Watercress Line

REBUILDING THE GOLDEN AGE OF STEAM

Following our recent high profile cosmetic restoration of the Winston Churchill steam engine for the National Railway Museum, we have been awarded a large Heritage Lottery Fund (HLF) grant to restore our own flagship engine, Canadian Pacific.

We bought the Southern Railway Merchant Navy Class No.35005 ‘Canadian Pacific’ locomotive in 2006 and it ran on the railway until 2008 when its statutory overhaul was due. All of these giants of British engineering require an overhaul every 10 years to keep them safely in steam. At 74 years old this 95 ton engine can now be completely stripped down and rebuilt by our growing team of skilled engineers and apprentices.

The three year restoration project has been awarded £895,000 by the Heritage Lottery Fund towards the total cost of £1.5m. The remainder of the project’s costs will be met through fundraising and donations to the Mid Hants Railway Preservation Society, the charity behind the Watercress Line. The project also involves the restoration of two wooden framed coaches designed by the same Southern Railways engineer, Oliver Bulleid.

Once restored to their former glory the locomotive and coaches will become the focal point of our activities. Managing Director Colin Chambers said: "We are extremely grateful to the Heritage Lottery Fund for supporting this project and the aims of the Mid Hants Railway. We look forward to sharing progress of the restoration process itself and it will be fantastic to have this beautiful southern locomotive back in steam and at the heart of the railway."

Stuart McLeod, Head of the Heritage Lottery Fund South East, said: “We’re really pleased to be supporting this project that provides an excellent opportunity to secure the long-term future of Hampshire’s railway heritage. The exciting plans to restore the ‘Canadian Pacific’ and Bulleid coaches to their former glory will help conserve this important heritage for generations to come, and through the enhanced visitor experience and extensive volunteering and training opportunities, more people will be able to learn about the social, political and economic significance of our historic railways.”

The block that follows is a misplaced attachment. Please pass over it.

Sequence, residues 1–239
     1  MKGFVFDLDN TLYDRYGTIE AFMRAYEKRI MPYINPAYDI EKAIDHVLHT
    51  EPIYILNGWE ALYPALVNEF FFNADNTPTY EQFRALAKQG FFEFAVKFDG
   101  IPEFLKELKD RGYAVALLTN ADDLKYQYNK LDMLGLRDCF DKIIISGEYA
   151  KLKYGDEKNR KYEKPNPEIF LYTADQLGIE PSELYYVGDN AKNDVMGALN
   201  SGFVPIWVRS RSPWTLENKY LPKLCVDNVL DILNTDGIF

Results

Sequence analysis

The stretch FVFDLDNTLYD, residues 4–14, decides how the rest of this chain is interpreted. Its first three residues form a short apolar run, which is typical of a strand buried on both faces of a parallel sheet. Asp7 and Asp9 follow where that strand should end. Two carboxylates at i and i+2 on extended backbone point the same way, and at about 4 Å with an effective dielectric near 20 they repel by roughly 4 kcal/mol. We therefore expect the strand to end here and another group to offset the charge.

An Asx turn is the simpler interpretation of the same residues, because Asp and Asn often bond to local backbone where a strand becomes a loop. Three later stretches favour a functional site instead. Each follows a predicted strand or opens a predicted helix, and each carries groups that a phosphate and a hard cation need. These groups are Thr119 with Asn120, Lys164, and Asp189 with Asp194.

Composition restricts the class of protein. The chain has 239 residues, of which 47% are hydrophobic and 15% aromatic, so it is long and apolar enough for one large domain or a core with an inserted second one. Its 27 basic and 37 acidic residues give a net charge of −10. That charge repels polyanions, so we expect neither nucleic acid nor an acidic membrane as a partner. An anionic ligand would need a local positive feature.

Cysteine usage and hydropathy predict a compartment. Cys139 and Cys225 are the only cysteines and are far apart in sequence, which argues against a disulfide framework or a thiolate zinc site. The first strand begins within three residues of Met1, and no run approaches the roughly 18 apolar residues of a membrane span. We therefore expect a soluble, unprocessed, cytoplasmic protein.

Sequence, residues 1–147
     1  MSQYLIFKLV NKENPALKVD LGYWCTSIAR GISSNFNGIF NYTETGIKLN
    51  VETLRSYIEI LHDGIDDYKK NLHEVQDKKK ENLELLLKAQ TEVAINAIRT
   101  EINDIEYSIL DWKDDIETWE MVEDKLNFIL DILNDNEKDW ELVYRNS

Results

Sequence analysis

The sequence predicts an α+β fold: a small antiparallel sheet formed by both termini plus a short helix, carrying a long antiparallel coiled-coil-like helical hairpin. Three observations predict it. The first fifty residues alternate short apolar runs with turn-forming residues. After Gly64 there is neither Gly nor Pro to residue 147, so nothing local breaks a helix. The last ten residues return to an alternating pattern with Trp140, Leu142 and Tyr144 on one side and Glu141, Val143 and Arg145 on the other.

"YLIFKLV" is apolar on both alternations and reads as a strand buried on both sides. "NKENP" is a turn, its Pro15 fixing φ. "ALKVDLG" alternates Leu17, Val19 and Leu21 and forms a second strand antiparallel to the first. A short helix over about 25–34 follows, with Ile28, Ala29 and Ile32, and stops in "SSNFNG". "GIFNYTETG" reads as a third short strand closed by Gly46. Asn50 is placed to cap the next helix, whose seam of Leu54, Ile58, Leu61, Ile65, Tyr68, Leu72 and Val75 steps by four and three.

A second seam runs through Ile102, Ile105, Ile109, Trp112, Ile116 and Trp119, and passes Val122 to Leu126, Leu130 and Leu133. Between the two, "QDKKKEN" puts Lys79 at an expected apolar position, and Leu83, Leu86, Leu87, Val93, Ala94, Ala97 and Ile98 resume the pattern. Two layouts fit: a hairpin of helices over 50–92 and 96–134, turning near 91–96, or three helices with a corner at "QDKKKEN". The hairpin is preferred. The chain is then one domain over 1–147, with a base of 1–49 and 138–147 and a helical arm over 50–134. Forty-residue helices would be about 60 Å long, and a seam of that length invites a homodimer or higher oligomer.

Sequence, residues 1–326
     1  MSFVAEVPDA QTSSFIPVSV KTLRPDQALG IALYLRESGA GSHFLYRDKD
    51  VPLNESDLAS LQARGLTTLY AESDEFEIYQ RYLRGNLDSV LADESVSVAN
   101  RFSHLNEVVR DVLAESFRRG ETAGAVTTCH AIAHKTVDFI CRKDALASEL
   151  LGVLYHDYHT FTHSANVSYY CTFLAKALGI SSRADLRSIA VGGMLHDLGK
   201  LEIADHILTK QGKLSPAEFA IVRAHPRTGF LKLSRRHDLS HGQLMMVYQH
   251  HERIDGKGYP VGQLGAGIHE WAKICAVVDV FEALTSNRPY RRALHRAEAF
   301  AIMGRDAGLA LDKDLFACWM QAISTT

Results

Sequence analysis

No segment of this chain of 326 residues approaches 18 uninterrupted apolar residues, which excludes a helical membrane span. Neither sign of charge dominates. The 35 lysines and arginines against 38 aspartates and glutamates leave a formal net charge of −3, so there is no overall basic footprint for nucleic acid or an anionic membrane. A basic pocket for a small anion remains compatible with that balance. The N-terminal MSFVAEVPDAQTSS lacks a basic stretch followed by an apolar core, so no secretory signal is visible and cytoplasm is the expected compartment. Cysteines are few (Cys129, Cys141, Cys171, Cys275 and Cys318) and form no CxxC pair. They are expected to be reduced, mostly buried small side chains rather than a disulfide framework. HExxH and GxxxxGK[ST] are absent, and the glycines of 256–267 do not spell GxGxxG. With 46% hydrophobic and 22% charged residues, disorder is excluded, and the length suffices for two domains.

Canadian Pacific was originally built just a few miles away from the Watercress Line in the railway town of Eastleigh in 1941 and, in a neat turn of events, this is where the locomotive’s restoration will begin. Eastleigh Works have kindly rented out part of the building where the 30 Merchant Navy Class engines were originally built so that the project team has space to strip down and rebuild her. Component parts will be brought back to life at our own extensive engineering facilities at its Ropley site, which are on view to visitors.

The project has a huge community focus for the railway and the town of Eastleigh as we pull together the story of the builders, drivers and passengers of the 1940’s and 50’s steam era. Local memories of that time are actively being sought by us to bring the story to life. People will be able to closely follow the restoration process through our website and social media, with regular blogs and updates as it progresses. 

You can follow the Canadian Pacfic Project - "Engineering a future from the past" here 

If you would like to get involved as a volunteer or you would like to share your memories with the Watercress Line, please email canpac@watercressline.co.uk

main image courtesy of Matt Allen

Photo gallery

Return to the Can Pac site